In this issue:
- MDH Emergency Preparedness Capacity Building
- MDH Nuclear Power Plant Response Exercise
- MDH Provides Radiation Training To Local Public Health
- Radiological, Nuclear, Chemical and Biological Preparedness Information
- Information and Communication Technology Training
- Isolation And Quarantine Legal Issues
- SARS Training Opportunity
- Public Health Emergency Preparedness Fact Sheet
- Metro Region Update
- West Central Region Update
The MDH Environmental Health Division is integrating emergency preparedness training into its health and safety program for staff. As part of this effort, a team of MDH environmental health staff, led by Patricia Bloomgren, is traveling to MDH District offices to present sessions on three important emergency preparedness topics. These topics include basic information regarding clandestine drug labs, chemical terrorism and radiological terrorism. Training visits the week of October 6 include Duluth, St. Cloud and Mankato.
After completing these trainings, MDH Environmental Health staff will work with local public health, environmental health and other staff to determine if these trainings would be useful at a local or regional level.
The Minnesota Department of Health will play a major public health protection role in the response to any nuclear power plant accident. During an emergency event, the MDH Environmental Health Division provides staff, including two field technical advisors, three people for the operations function and the Office of Communications provides a public information officer for the planning and assessment center located in the State Emergency Operations Center.
In order to test the state's nuclear emergency response capability, the Federal
Emergency Management Agency, (FEMA) routinely conducts training and drills.
The drill and exercises test Minnesota's ability to respond to an accidental
release of radioactive material, conduct long-term exposure assessments, determine
exposures from various ingestion pathways, make appropriate protective action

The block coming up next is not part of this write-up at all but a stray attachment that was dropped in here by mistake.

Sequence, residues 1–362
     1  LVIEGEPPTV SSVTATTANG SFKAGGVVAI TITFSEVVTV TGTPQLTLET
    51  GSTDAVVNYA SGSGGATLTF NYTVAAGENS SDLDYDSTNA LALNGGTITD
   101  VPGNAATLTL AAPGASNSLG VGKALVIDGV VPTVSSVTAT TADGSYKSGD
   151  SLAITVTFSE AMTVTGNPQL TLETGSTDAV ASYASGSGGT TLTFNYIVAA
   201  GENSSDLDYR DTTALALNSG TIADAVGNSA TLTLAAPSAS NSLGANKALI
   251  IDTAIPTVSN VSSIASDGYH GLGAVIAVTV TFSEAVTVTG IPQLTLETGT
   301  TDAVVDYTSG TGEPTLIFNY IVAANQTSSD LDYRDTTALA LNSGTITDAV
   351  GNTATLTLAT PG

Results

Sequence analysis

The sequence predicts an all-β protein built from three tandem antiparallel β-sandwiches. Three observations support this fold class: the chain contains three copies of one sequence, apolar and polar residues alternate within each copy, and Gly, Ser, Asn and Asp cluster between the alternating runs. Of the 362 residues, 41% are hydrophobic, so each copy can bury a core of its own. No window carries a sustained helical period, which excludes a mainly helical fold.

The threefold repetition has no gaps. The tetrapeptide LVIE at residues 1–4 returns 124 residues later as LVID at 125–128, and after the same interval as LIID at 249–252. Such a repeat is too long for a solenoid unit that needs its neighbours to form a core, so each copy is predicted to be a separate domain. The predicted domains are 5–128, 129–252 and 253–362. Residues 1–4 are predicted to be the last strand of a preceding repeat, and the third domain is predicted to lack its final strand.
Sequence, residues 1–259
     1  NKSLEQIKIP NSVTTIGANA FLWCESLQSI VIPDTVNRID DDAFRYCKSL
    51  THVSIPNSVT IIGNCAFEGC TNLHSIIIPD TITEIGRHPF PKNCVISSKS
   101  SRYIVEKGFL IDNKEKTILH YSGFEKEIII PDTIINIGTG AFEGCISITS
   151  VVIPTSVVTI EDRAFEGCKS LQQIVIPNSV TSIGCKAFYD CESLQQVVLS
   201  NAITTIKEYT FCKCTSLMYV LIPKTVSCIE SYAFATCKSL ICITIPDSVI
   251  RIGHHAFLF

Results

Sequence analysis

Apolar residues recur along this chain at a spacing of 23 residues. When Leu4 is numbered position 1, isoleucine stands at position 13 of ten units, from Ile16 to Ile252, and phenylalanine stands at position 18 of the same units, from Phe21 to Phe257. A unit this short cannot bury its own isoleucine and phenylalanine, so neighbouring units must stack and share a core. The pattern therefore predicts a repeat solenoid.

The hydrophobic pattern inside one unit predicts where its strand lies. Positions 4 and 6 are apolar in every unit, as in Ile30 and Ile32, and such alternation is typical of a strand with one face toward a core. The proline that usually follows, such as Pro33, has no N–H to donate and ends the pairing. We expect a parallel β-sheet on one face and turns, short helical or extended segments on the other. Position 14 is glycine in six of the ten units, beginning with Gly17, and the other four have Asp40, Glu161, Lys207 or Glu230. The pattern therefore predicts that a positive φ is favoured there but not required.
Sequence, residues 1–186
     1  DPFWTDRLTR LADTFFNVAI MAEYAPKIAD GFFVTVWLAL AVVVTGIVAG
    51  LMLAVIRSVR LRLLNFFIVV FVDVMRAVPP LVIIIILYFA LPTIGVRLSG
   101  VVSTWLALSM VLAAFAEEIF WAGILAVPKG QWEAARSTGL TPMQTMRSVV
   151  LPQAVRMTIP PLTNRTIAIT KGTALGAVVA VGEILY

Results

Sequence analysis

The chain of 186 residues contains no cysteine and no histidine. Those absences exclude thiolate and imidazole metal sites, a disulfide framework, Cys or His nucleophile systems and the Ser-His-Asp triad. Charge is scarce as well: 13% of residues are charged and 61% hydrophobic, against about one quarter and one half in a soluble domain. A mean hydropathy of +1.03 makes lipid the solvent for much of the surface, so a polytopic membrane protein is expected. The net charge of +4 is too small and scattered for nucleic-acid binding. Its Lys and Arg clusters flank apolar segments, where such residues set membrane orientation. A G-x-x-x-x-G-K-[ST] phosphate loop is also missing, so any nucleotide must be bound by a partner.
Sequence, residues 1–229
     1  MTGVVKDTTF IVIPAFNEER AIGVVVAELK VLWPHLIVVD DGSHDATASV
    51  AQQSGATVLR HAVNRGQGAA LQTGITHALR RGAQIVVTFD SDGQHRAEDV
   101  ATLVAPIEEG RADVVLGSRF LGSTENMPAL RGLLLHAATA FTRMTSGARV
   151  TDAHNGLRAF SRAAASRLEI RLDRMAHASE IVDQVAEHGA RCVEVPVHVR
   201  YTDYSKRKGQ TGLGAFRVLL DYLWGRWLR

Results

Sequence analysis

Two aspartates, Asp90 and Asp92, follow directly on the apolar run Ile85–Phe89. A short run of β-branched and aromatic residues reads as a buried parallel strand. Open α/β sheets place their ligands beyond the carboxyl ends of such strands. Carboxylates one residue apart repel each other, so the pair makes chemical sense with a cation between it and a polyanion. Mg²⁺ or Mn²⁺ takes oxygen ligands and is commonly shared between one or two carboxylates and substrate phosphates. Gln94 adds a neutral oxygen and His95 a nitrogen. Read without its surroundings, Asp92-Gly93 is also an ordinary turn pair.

recommendations, and to implement the actions necessary to protect the public’s
health and safety.
The drill portion, which is a test of the emergency response capability, will be held in October and the exercise portion, which is the FEMA evaluation of Minnesota's emergency response for the Monticello Power Plant, will be the following month.
In addition to the state and county participants, the US Nuclear Regulatory Commission (NRC) and the Federal Department of Energy (DOE) will provide personnel. DOE is bringing their mobile laboratory, and a helicopter and a fixed-wing aircraft with radiation detection equipment. Aircraft would play an important role in tracking any radioactive plume during a real emergency.
Patricia Bloomgren, MDH Environmental Health Division Director will again be the Assistant State Incident Manager (SIM). Pat will be actively involved in the establishment of protective action recommendations based on the data generated in the Planning and Assessment Center.
The MDH Environmental Health and Community Health Divisions organized and held a radiation training session on September 23, 2003 in St. Cloud for local public health and other staff. The agenda covered a variety of topics from basic radiation principles to an overview of the nuclear power plant emergency preparedness program. The impetus for holding this training was initiated by the interest that local public health and other agencies beyond the 10-mile emergency planning zone (EPZ) have in the emergency planning process for a nuclear power plant. Approximately 50 people attended.
The Rand Corporation issued preparedness information entitled: "Individual Preparedness And Response To Chemical, Radiological, Nuclear, And Biological Terrorist Attacks: A Quick Guide (PDF: 35 pages)" by Lynn E. Davis, Tom LaTourrette, David E. Mosher, Lois M. Davis, David R. Howell, Rand Corporation. 2003 and supported by the Alfred P. Sloan Foundation.
The following link will provide individuals with information about how to respond in biological, chemical, radiological or nuclear events. The response guide also provides practical information for government agencies and businesses.
Sign up is now open for the fourth event in the Agency for Health Care Research and Quality sponsored series of five Web-assisted audio conferences. This event, The Role of Information/Communication Technology and Monitoring/Surveillance Systems in Bioterrorism Preparedness, is scheduled for Tuesday, October 21, 2003 from 2:00 to 3:30 p.m. Eastern Daylight Time.
The training the covers the importance of having information and communication systems in place to effectively and rapidly respond to a bioterrorist event. Specifically, panelists on this call will:
Examine the role of information technology in improving syndromic surveillance and decision making;
Highlight and describe a number of relatively new surveillance systems and the valuable information they can provide to public health officials, health systems decision makers, and providers; and